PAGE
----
• 10. Deuteronomy 6:21 - recited in the Haggadah.


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Your Site

Posted by: Georgina, England on Jan 26, 2005

I am doing religious stidies as a GCSE course at my grammar school. I found you site extremely helpful, and really interesting. It really made me understand the Jewish religion and made it sound really good. Although I am not religious myself, I find this religion amazing and fascinating. I really enjoy studying it. Thank you for posting this site, i will be visiting again soon x

Holy days

Posted by: Audrey Spero, Durban, Kwazula Natal, South Africa on Apr 16, 2005

I am non-Jew with a Jewish husband. We both have very open views about each other's religions. I have found your site to be incredibly helpful in teaching me about his religious beliefs and in particular, about the various holy days and traditions. Many thanks.


Posted by: Stef, Rotherham, UK on Apr 17, 2005

i am nursery nurse in the uk and needed to find out about the passover meal to help the children in my class understand it better. i can now go through the passover meal in the role play with the childen. thank you


Posted by: Lisa Tonkin, Melbourne, Victoria, Australia on May 05, 2005

Thanks for helping answer the hard questions and in assist my daughter with her project.

Boy she's going to think I am quite the Yiddisha mumma....lets keep this our secret!SHHH
(pl. Mitzvot). A commandment from G-d. Mitzvah also means a connection, for a Jew connects with G–d through fulfilling His commandments.
Torah is G–d’s teaching to man. In general terms, we refer to the Five Books of Moses as “The Torah.” But in truth, all Jewish beliefs and laws are part of the Torah.
The Messiah. Moshiach is the person who will usher in an era of peace and tranquility for all of humanity when there will be no jealousy or hate, wars or famine. This is a fundamental Jewish belief.
Any leavened product which is produced from wheat, barley, rye, spelt or oats. This includes bread, cake, cereals, crackers, biscuits, yeast, pasta and whisky. It is forbidden for a Jew to possess or consume Chametz throughout Passover.
(pl. Matzot). Unleavened bread which is eaten on Passover, especially at the Passover Seder (feast), commemorating the Matzah which the Jews ate upon leaving Egypt. It consists of only flour and water and resembles a wheat cracker.
A Biblically mandated early-spring festival celebrating the Jewish exodus from Egypt in the year 1312 BCE.
The blessing recited over bread, Challah, or Matzah.
Text read at the Passover Eve feasts. The Haggadah recounts in great detail the story of our Exodus from Egypt.
Festive meal eaten on the first two nights of the holiday of Passover (In Israel, the Seder is observed only the first night of the holiday). Seder highlights include: reading the story of the Exodus, eating Matzah and bitter herbs, and drinking four cups of wine.
(Pl.: Matzot) Unleavened bread which is eaten on Passover, especially at the Passover Seder (feast), commemorating the Matzah which the Jews ate upon leaving Egypt. It consists of only flour and water and resembles a wheat cracker.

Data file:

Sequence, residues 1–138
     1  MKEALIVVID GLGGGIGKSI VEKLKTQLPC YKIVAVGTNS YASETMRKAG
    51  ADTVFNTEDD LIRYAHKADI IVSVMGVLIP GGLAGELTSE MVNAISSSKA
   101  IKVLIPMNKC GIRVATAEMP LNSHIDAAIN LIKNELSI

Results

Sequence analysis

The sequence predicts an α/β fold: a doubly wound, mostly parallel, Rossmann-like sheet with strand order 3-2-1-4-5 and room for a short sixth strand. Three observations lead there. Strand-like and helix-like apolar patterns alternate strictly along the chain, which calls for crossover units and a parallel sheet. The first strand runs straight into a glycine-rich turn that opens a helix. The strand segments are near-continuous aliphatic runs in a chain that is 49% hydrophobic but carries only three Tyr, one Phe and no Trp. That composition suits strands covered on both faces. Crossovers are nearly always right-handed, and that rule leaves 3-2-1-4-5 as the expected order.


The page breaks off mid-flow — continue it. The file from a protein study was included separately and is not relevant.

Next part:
Established by King David to be the eternal capital of Israel. Both Temples were built there, and the third Temple will be situated there when the Messiah comes.
A legendary prophet who lived in the 8th century BCE, and saved the Jewish religion from being corrupted by the pagan worship of Baal. He never died, he was taken to heaven alive. According to Jewish tradition, he visits every circumcision and every Passover Seder table.
1. The miraculous departure of the Israelites from Egyptian bondage in 1312 BCE. 2. The second of the Five Books of Moses. This book describes the aforementioned Exodus, the giving of the Torah, and the erection of the Tabernacle.
Bitter herbs consumed at the Passover Seder, commemorating how the Egyptians embittered the lives of our ancestors.
Passover. A Biblically mandated early-spring festival celebrating the Jewish exodus from Egypt in the year 1312 BCE.
A mixture of ground fruit and nuts, flavored with a splash of red wine. During the Passover seder, the maror (bitter herbs) are dipped into the Charoset.
1. Usually a reference to the Holy Temple which was/will be situated in Jerusalem. 1st Temple was built in 825 BCE and was destroyed in 423 BCE. The 2nd Temple was built in 350 BCE and was destroyed in 70 CE. The 3rd Temple will be built by the Messiah. 2. A synagogue.
It is forbidden to erase or deface the name of G-d. It is therefore customary to insert a dash in middle of G-d's name, allowing us to erase or discard the paper it is written on if necessary.
The larger portion of the broken middle matzah on the seder plate. The afikoman is eaten towards the end of the seder. In many families, it is traditionally "stolen" by the children and "ransomed" by the parents with the promise of a gift.